Abstract

1. Whole blood histamine content was measured in 80 patients with myeloproliferative disease. Increased levels were found in 60 per cent of patients with uncontrolled polycythemia vera, in 7 per cent of patients with polycythemia vera being controlled by myelosuppressive therapy, and in 71 per cent of a group with "spent" polycythemia, myeloid metaplasia and myelofibrosis.

2. The excretion of histamine in the urine was measured in 60 patients, 30 with elevated blood histamine and 30 with normal blood histamine. The urine findings paralleled the blood findings in 90 per cent of the cases.

3. Measurements of cell-poor and cell-rich fractions of blood showed that the histamine is contained in the white cell fraction. Elevated basophil counts were present in 50 per cent of the patients and occurred with the greatest frequency in the groups with elevated blood and urine histamine. A rough correlation between the basophil count and the histamine content of blood and white cell fractions was observed in normal subjects and most cases with myeloproliferative disease. Data obtained in some cases of myeloproliferative disease suggest that the histamine content of the basophil may be abnormal and that other granulocytes may contribute to the total leukocyte histamine.

4. Myelosuppressive agents produced a reduction in histamine (expressed per 109 myeloid cells) and a decrease in urine histamine as control of the myeloproliferative process was achieved. Treatment with phlebotomy alone produced no change in histamine levels.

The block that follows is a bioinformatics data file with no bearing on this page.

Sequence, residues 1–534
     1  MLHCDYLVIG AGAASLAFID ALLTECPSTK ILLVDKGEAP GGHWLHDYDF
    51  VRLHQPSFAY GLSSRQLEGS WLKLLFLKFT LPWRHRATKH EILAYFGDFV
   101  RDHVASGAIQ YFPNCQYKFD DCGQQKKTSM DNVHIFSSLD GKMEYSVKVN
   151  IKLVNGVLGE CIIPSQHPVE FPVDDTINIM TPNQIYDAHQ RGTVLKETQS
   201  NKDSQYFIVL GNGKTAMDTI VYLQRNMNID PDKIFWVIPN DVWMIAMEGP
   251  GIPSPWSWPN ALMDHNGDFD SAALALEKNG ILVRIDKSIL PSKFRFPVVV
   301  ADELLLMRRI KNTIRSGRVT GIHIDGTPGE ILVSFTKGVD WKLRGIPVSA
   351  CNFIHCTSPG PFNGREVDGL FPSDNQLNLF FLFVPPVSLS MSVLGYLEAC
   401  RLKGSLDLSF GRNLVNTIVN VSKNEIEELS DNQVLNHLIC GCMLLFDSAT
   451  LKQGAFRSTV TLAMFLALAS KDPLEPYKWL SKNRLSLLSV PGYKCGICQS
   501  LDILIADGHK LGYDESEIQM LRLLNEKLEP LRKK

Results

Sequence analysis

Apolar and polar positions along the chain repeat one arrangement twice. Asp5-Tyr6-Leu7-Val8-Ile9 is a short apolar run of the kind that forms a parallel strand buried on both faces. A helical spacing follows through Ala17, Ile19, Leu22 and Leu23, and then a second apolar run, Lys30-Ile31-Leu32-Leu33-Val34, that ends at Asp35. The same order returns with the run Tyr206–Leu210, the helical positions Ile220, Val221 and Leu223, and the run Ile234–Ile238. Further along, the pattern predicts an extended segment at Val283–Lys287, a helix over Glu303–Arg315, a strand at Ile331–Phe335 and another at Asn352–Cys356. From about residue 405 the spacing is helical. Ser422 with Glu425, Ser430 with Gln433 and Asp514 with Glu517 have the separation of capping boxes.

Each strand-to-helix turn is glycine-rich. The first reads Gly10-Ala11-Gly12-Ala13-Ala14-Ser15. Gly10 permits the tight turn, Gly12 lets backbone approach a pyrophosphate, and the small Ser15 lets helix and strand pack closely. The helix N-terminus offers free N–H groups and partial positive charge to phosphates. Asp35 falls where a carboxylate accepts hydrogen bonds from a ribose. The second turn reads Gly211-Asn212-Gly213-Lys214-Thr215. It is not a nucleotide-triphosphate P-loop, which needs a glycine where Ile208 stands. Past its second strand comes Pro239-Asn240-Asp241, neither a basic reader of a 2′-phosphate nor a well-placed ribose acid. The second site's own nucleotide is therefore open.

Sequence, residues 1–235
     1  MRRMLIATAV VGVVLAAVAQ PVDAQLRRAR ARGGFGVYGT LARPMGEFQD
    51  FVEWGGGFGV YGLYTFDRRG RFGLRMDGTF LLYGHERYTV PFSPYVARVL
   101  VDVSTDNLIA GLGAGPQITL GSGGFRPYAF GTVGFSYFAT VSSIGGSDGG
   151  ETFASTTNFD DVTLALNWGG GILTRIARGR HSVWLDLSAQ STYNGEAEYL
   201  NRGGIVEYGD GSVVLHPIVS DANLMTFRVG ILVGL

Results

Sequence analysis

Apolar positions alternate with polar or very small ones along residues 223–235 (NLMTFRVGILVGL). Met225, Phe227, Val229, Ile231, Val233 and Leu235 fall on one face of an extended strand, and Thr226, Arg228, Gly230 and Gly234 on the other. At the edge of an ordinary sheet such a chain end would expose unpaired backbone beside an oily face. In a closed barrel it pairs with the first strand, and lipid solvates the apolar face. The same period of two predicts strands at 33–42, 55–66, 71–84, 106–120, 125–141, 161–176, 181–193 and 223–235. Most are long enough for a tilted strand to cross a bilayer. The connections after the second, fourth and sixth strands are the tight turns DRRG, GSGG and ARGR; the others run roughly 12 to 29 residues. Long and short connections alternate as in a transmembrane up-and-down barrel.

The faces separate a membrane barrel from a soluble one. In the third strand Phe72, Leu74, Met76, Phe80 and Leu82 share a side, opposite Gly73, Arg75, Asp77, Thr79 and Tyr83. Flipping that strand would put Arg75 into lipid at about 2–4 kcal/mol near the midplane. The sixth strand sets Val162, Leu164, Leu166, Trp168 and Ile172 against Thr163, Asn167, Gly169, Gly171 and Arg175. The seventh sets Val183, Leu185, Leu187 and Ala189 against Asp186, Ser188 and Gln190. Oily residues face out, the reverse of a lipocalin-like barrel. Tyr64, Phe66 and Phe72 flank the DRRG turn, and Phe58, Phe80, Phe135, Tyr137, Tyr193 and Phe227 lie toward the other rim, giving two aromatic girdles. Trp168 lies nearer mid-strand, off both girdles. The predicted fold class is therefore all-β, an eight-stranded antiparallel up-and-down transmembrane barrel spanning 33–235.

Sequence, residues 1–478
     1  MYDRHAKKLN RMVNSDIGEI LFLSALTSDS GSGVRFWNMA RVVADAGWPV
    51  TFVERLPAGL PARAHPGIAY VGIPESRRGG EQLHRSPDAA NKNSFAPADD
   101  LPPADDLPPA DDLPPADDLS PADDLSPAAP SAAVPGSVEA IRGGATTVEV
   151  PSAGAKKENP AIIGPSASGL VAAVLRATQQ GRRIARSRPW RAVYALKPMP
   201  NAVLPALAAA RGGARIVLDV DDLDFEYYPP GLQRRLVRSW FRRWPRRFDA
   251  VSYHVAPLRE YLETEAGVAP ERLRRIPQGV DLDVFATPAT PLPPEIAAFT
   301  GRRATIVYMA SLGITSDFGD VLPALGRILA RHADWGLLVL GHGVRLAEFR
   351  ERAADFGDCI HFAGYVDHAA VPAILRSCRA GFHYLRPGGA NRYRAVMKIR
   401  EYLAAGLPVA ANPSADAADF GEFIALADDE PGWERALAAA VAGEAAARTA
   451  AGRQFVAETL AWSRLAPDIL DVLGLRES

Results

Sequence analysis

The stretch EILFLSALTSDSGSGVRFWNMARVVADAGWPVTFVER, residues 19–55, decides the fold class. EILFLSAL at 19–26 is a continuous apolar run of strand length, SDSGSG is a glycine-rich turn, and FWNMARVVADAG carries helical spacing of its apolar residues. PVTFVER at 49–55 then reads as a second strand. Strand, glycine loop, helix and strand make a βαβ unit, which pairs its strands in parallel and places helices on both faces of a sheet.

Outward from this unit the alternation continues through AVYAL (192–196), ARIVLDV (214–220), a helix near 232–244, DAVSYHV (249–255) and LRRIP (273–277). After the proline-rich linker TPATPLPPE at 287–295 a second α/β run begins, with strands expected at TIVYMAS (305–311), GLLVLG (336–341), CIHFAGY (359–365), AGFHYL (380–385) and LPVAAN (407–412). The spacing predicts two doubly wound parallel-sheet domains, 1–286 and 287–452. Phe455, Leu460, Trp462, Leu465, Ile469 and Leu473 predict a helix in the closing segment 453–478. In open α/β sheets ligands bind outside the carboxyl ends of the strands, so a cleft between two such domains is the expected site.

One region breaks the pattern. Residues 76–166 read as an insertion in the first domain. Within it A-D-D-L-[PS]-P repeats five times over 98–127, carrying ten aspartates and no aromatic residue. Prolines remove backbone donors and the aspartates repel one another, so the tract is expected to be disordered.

5. The incidence of pruritus, upper gastrointestinal distress and urticarial manifestations was increased 7-fold, 4-fold and 12-fold, respectively, in patients with elevated histamine levels as compared with those who had normal histamine levels.

6. Cyproheptadine, a potent antihistaminic, successfully controlled pruritus, relieved pyrosis and suppressed urticarial eruptions in patients with elevated histamine levels. Suppression of the reaction to subcutaneously administered codeine (a histamine-releaser) afforded objective evidence that cyproheptadine blocked the effects of histamine release in vivo.

7. The metabolism of histamine and the role of elevated histamine levels in the clinical manifestations and pathophysiology of myeloproliferative disease are discussed.

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